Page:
Guidance for contributors
- Articles must advance knowledge, and make a strong theoretical and/or empirical contribution to the literature on work relationships and organizational work processes.
- Authors should use clear English comprehensible to readers outside of their area of specialism.
- Authors should ensure that their methods section is not too long, avoiding overly long explanations of why particular norms and standards have been chosen.
- Where relevant, details may be provided in an appendix or a separate document that readers may download as a data supplement or seek direct from the author.
- Articles must be original research and must not have already been published or be under consideration for publication elsewhere.
- All quotations from published work, including any of the author’s own previous work, must be acknowledged as such and fully cited. (Authors may only repeat the method from their own previous published works without citation.)
- One of our current goals is to continue—as well as highlight for readers—ongoing threads of conversation across works published in the journal. Toward that end, we ask that you review recent issues to ensure that you are connecting to any relevant works in ways that take the conversation forward.
- Articles that merely offer scores along or describe relationships between chosen empirical measures, with commentary on the efficaciousness of techniques adopted in measurement, are not suitable for Human Relations. An exception might be made if you present a technical or methodological critique of a particular tool of analysis, thus carrying forward an important debate which engages more than one area of scientific interest.
- Studies referring to simulation exercises involving students or others without experiential knowledge of the simulated context are discouraged. For example, while work team simulations with undergraduate students cannot provide the sole basis of papers considered for publication, the same simulations with Executive MBA students (who are working full-time while going to school) or more generally who have prior experience working in ‘real’ teams proffers a higher likelihood of favourable review.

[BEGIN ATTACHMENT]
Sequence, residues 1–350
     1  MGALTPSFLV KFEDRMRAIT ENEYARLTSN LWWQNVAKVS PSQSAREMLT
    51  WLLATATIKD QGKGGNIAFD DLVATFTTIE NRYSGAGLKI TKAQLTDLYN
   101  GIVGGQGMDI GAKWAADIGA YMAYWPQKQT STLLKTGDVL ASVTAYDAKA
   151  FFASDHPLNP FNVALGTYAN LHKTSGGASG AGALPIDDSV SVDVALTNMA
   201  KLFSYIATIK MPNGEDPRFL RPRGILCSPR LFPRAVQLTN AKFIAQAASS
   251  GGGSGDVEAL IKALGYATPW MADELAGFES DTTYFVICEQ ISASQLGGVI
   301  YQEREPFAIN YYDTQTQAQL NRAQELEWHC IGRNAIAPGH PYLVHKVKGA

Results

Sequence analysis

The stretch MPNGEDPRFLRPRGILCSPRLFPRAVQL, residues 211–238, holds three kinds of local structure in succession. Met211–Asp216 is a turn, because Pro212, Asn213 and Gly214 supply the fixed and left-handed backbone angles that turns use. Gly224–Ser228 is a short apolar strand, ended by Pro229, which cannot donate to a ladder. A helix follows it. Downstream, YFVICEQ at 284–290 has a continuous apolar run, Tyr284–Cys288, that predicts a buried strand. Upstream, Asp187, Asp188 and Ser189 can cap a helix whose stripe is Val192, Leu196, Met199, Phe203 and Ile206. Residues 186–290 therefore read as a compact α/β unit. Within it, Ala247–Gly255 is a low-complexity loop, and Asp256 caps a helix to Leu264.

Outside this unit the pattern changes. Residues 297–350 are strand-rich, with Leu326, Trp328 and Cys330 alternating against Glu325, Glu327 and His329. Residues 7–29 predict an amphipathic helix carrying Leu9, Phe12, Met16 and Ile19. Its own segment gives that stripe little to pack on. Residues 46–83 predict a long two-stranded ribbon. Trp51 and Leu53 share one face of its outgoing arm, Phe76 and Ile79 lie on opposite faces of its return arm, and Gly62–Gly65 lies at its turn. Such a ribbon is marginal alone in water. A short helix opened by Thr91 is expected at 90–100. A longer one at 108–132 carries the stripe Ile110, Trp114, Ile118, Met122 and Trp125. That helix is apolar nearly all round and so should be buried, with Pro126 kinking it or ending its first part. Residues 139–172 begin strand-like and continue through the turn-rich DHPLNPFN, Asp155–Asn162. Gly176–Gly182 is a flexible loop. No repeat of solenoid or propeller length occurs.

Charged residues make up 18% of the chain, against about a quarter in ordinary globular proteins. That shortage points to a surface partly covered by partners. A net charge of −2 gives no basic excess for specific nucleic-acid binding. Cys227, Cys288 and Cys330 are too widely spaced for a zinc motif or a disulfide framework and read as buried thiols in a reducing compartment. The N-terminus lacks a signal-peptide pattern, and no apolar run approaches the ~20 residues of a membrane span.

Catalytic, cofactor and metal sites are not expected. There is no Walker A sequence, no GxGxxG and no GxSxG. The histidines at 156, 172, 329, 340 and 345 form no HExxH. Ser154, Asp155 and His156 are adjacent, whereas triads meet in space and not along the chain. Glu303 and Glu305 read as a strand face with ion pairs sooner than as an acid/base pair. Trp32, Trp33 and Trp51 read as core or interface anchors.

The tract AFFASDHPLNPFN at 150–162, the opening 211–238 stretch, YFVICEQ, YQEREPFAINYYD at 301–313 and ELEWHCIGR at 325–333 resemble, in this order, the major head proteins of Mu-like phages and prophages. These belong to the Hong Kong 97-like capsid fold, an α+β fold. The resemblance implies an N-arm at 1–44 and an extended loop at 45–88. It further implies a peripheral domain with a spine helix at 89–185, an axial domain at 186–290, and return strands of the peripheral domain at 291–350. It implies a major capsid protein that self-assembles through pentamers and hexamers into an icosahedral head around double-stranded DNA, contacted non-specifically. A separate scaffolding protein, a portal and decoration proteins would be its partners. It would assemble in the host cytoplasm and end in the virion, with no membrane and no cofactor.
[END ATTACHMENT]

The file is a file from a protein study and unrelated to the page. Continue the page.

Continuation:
- Field-study results are more likely to be accepted if they use more than a single technique of data collection and analysis. You should strengthen the validity of, for example, questionnaire scales or constructs by considering multiple influences in the context of the field study.
- We encourage articles with strong research methods, and particularly those that use longitudinal design.
- We welcome articles that deploy novel or emerging research methods. We do not normally publish articles that address mainly research design or methods, for example those developing or testing research instruments. Articles discussing methodology in a wider sense are welcome.
- Human Relations uses CrossCheck™ powered by iThenticate software to check if manuscript content has already been published elsewhere. Human Relations is a member of the Committee on Publication Ethics (COPE) and follows the COPE Code of Conduct and Best Practice Guidelines for journal editors.
- Papers containing a poor standard of English language are less likely to be considered for review.
PRE-ACCEPTANCE ENGLISH LANGUAGE EDITING: Authors who would like to refine the use of English in their manuscripts might consider using professional editing services—details of companies offering professional editing services can be found using an Internet search engine. There are a variety of services available, including the service offered by our publisher.